It’s a place where your mind goes. It sinks into the idea of the painting and tends to stay…or at least linger awhile. The figures seem to emerge from floating patterns of symbols and color. Identities are muted, like the pigments, which could be oil, acrylic, watercolor, wax, or in combinations.
The occasional exception is the strong, stark dominant figure that exists outside the joyful forms, tints and shades—self-isolated from the full color adventures of a life fully lived.
Rosa Vera was born in Lima, Peru and goes back often. She has spent much of her life in the DC area and throughout the world; she worked for the International Monetary Fund for most of her career. She has lived in Virginia, DC, Mexico and Canada. As a result, her work is essentially bi-cultural.
She borrows from Pre-Columbian art, artifacts and architecture in terms of color and design. She loves Mayan towns—“so much richness in color.” Add European influences and you see an ever-evolving expression of a discrete style. Her stories are personal, using subtle symbolism, not obvious but intriguing. Her work is mostly figurative and she plays with the imbedded questions and riddles.
Her landscapes are more traditional, with pronounced focal points and perspective. The colors are natural, but serve as a departure point for the patterns and symbolism that become the timeless story and traditions of art.
Rosa has won national and international awards, and has exhibited nationally. You can see her work this month at the Touchstone Gallery. (See: At the Galleries.) Also, www.rosavera.com.
Jim Magner’s Thoughts on Art
The writer and Nobel laureate, Giorgos Seferis, said, “Don’t ask me which authors have influenced me. A lion is made up of the lambs he’s digested, and I’ve been reading all my life.”
The same is true of painters. We look at everything. Some of us are choosy in what we eat and digest. Others, like me, gobble up everything so influences come from everywhere.
Multi-cultural influences, taking part of this and part of that, create an individual interpretation of the whole world. It comes together in a new expression.
Artists have historically incorporated “foreign” forms and inspirations. Greek art was influenced by the Egyptians, and the Greeks influenced just about everyone. In more modern times, Van Gogh collected Japanese prints and incorporated that visual language into his own work. Picasso, along with the German Expressionists, gravitated to African tribal sculpture. Jackson Pollock was taken by Hopi sand painting.
Rosa Vera (See, Artist Profile) was born in Peru and is inspired by the powerful stylistic architecture and carvings of the great civilizations that ruled what is now Latin America before the arrival of Columbus and the Spanish Conquistadores. Yet, European and other American artists contribute to her overall aesthetic.
That’s true for most art. Influences are now so inclusive and blended that identifying specific historic modes, methods and cultural ideas is near impossible. We are less a prisoner of the past, but defining the present is much more difficult.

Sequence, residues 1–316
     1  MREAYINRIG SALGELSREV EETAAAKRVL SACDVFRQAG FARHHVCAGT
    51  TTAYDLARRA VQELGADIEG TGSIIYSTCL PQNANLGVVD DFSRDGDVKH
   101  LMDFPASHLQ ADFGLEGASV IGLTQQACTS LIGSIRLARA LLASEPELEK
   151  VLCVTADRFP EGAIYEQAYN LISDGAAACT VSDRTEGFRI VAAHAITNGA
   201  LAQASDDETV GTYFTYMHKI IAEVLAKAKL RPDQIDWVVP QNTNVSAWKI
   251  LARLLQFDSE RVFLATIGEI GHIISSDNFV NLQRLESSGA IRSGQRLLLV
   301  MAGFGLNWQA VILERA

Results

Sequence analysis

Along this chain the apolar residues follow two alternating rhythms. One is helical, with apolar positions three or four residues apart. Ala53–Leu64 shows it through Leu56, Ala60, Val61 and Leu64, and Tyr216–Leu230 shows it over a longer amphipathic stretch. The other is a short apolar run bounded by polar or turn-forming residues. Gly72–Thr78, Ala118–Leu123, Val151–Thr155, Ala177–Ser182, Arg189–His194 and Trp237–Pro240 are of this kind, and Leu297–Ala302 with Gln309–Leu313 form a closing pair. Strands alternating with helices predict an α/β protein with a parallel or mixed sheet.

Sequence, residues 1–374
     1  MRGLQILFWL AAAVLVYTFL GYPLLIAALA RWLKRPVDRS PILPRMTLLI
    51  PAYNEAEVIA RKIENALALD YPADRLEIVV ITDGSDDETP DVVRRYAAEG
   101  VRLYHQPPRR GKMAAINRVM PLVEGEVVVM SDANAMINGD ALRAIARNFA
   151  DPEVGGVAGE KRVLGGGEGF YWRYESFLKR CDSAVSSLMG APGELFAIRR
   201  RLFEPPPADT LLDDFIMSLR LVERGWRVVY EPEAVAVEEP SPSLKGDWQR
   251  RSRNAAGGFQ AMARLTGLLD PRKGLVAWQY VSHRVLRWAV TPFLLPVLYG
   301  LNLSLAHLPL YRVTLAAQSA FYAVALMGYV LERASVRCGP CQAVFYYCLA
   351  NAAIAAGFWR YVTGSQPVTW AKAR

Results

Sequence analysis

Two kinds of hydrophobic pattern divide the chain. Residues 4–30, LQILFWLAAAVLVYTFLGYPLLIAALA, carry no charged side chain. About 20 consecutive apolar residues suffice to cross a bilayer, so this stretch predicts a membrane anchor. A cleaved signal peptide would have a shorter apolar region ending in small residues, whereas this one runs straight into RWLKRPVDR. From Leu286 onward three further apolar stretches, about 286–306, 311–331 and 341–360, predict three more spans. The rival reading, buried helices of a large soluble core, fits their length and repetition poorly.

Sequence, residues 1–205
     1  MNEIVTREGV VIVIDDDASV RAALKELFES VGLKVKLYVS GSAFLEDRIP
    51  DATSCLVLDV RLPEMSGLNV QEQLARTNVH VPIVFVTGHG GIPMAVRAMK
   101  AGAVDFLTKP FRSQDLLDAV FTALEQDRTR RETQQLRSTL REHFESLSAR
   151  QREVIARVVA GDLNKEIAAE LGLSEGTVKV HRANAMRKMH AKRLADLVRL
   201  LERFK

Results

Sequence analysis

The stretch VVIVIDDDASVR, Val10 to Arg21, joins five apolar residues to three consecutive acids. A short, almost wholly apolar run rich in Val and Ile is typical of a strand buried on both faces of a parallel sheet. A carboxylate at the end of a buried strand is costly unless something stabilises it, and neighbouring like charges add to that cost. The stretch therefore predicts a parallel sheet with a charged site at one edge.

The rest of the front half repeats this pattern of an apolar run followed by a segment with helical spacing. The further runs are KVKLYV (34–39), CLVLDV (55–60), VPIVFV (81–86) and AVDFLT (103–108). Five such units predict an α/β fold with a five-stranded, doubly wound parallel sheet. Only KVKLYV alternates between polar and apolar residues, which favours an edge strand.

Call For Entry
Attention artists: Capitol Hill Arts Workshop, CHAW, is seeking applicants for its 2019 Gallery Artist Residency, a six-week paid residency January 7 through February 8, in CHAW’s Gallery at 545 7th Street, SE. This is an opportunity for an artist or artist team to create or evolve in a supportive environment. Applications are due September 15, 2018. For details: www.chaw.org/artist-residency.
At the Galleries
Hill Center Galleries
921 Pennsylvania. Ave. SE
This is the annual Hill Center Galleries Regional Juried Exhibition of over 100 artists from DC, Virginia and Maryland. Three cash awards, plus five honorable mentions were awarded. Alexander Gray, the August Artist Profile in this column, won the $1000 first place prize with his woodcut, “Hardware River Aqueduct II.”
Besides the prizewinners, “What Makes Your Heart Sing“ by Suzanne Vigil, is a masterpiece of drawing. As usual, she opens doors to your imagination that you thought were locked. Hanging next to it is “Reflection #3” by Monica Servaites. Both artists have been previously profiled in this column.
The Hill Center opens a new show September 27, which runs to January 7. The opening reception is on Wednesday, Oct 3. 6:30—8:30. More information next month.
2118 – 8th Street, N.W.
September 5 – 30,
Reception: Sat, Sept. 15, 6 – 8
“à deux” is a collection of collaborative works by Charlene Nield and Ann Pickett. Painting “side-by-side in a meeting of creative minds,” they focus on the figure, with a shared sense of color and whimsy.
The Corner Store
900 South Carolina Ave., SE
This is the “Happiness art exhibit—art that makes you smile.” The artists are Ann Pickett, Jan Kern, Karen Cohen, Paula Cleggett, Chica Brunsvold, Kim Bursic and Terri Rea. And yes, there is much to make you smile in this collection of terrific work. The Corner Store is on the corner of South Carolina and 9th St. SE—near both Eastern Market and the Hill Center.
901 New York Ave, NW
Recep: Fri., Sept. 14, 6–8:30
Rosa Vera, (See Artist Profile) has traveled extensively between two cultures: Latin American and North American. In “Passages and Borders” she visits both, and displays the resulting multiculturalism in her work
In Gallery A, the theme is “Dreams” as Touchstone artists create artworks related to an ideal: a perfect life, or a perfect world. Dreamed images or self-deluding fantasies co-exist side by side in this all-media exhibit.